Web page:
By Jamie Leary

(CBS4) – World class musicians, conductors and soloists are returning to Vail’s Gerald R. Ford Amphitheatre for the first time in more than a year, and if you ask the artists about the comeback the feeling is hard to describe.

(credit: CBS)

“There will never be another moment in my life like the moment that this Bravo season is,” said Anne-Marie McDermott, Artistic Director for Bravo!Vail. 

Bravo!Vail is the only music festival that brings together world-famous chamber and symphony orchestras on one stage. The festival, now in its 34th season, almost didn’t have a 33rd. 

“We couldn’t abandon it. We felt it was our responsibility to bring music in some way,” said McDermott. 

“There was no idea too crazy,” said Caitlin Murray, Executive Director of Bravo!Vail Music Festival.

McDermott, also a solo pianist in the series, worked with Murray on ways to keep the music alive, even entertaining playing her piano in the back of a pickup truck around the community. The final product was a bit more evolved. It was a “music box.”  

“We took a tiny home and mechanized it to turn into this mobile concert hall and we towed it from the back of a pickup truck, and we did 49 concerts last summer that way in parks, at the fire station, in people’s driveways, in cul-de-sacs sometimes for as few as four or 6 people,” said Murray. 

(credit: CBS)

While it helped the community heal, for musicians, not being able to play together left a hole.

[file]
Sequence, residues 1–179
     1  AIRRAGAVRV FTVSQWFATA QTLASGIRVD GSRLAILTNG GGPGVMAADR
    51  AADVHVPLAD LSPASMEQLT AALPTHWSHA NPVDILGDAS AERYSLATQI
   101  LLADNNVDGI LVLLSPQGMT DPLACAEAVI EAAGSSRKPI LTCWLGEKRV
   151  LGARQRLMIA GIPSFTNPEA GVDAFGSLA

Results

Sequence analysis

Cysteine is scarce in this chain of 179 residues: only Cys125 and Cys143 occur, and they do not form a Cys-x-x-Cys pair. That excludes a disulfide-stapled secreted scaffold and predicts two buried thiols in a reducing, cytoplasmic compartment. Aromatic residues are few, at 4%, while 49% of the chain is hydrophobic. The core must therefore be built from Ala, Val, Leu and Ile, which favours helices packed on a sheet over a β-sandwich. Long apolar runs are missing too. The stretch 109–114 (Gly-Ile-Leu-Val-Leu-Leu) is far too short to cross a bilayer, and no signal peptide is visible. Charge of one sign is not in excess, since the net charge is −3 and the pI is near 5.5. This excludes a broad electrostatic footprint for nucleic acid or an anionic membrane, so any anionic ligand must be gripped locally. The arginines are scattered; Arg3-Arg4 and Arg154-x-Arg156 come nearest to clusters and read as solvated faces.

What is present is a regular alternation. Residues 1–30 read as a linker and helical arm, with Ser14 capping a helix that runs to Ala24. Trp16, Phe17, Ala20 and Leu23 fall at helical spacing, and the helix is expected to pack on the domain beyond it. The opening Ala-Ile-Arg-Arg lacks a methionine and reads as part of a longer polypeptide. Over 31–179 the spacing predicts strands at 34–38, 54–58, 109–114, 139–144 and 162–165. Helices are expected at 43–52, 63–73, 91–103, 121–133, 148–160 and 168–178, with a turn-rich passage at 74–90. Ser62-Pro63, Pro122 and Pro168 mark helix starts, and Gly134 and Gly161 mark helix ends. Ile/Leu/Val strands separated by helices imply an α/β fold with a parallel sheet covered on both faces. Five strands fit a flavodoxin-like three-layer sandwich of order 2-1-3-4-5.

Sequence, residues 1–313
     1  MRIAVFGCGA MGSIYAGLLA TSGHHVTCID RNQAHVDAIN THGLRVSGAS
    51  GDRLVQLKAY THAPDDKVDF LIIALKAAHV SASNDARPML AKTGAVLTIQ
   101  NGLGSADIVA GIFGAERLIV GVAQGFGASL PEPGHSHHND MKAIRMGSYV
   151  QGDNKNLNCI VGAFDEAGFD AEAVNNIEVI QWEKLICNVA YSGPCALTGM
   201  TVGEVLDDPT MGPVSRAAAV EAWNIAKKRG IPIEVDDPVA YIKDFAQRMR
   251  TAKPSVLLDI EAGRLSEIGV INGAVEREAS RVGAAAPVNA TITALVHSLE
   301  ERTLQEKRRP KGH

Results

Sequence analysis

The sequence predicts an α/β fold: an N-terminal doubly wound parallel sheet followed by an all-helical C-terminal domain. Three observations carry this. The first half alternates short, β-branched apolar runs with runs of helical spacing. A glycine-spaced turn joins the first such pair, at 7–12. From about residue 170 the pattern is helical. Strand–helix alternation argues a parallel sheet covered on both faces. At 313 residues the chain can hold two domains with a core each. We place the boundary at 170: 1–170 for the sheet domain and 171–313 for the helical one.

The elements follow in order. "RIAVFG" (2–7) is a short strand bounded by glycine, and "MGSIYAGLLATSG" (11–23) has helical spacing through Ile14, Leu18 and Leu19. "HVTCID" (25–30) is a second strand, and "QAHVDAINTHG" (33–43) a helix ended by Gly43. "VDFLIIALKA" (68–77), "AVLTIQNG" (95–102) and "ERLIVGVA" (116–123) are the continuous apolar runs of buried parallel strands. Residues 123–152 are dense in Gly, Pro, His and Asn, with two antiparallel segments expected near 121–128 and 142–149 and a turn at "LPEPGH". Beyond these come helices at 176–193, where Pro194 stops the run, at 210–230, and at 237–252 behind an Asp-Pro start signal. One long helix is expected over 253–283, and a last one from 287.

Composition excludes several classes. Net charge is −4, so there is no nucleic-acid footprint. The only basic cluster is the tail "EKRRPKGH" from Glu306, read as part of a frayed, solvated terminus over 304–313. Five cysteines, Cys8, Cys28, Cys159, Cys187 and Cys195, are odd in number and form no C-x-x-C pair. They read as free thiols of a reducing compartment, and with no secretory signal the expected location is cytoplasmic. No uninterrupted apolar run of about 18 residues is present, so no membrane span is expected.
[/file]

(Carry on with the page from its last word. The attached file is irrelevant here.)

“Musicians did a lot of streaming things, but there’s nothing like a live audience and summer venues like this, the Bravo Festival, they’re very special,” said violinist Joshua Bell. 

For Bell, Bravo!Vail is one of his favorite places to play. 

“Several years ago, I started a residency, each year coming with my orchestra where I’m music director for the Academy of Saint Martin-in-the-Fields in London , so we played here every year for several years,” Bell continued, “Now I’m back, the academy from London couldn’t come because of visa problems and the pandemic so we brought the Saint Paul Chamber Orchestra, which is also one of old my collaborating orchestras who I love, and so it’s just great to be here.” 

Even more special? It’s the first time the Saint Paul Chamber has had the opportunity to play a concert together since the pandemic. 

“This is a group that’s an intimate chamber orchestra. They’re like family. They’ve been apart for like a year and a half so I’m actually happy to be with them on their reunion,” said Bell. 

If you think concertgoers are excited, for the artists the feeling is hard to put into words.

“We’ve all been craving … I think the arts are going to come back with gusto after this tough year,” he said. 

For the local mountain community, music has always been part of life. 

“I think it’s a real sign of the resiliency of our organization, of our community, of these musicians to be back on stage and bringing people together to celebrate again,” said Muray. “Tonight, this is a sign of normalcy. This is a sign of coming back to normal. The pandemic is not over, and certainly we have other issues that we’re facing — we’re sitting here with a wildfire not far away — and I think it’s important that no matter what we’re battling in life, music will be there.”

While most aspects of 2020 Bravo!Vail would not like to repeat, they do plan to use the music box as a way to continue bringing free music to the Vail Valley. For more information, click here.

The first part of the Bravo!Vail Series kicked off Thursday night. For more on scheduling and tickets, click here.

Jamie Leary